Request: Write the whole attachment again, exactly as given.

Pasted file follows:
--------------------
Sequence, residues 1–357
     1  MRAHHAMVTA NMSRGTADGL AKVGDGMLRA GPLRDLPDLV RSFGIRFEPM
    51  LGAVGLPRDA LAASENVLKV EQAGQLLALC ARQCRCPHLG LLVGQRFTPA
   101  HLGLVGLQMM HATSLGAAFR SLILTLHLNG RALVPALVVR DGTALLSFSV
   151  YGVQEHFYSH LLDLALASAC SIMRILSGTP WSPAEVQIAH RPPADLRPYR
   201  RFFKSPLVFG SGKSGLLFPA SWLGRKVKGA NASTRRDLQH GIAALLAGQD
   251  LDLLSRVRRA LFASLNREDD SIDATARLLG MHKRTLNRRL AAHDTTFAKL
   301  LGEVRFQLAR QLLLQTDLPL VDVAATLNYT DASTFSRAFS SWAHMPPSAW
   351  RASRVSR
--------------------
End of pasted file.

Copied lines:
Sequence, residues 1–357
     1  MRAHHAMVTA NMSRGTADGL AKVGDGMLRA GPLRDLPDLV RSFGIRFEPM
    51  LGAVGLPRDA LAASENVLKV EQAGQLLALC ARQCRCPHLG LLVGQRFTPA
   101  HLGLVGLQMM HATSLGAAFR SLILTLHLNG RALVPALVVR DGTALLSFSV
   151  YGVQEHFYSH LLDLALASAC SIMRILSGTP WSPAEVQIAH RPPADLRPYR
   201  RFFKSPLVFG SGKSGLLFPA SWLGRKVKGA NASTRRDLQH GIAALLAGQD
   251  LDLLSRVRRA LFASLNREDD SIDATARLLG MHKRTLNRRL AAHDTTFAKL
   301  LGEVRFQLAR QLLLQTDLPL VDVAATLNYT DASTFSRAFS SWAHMPPSAW
   351  RASRVSR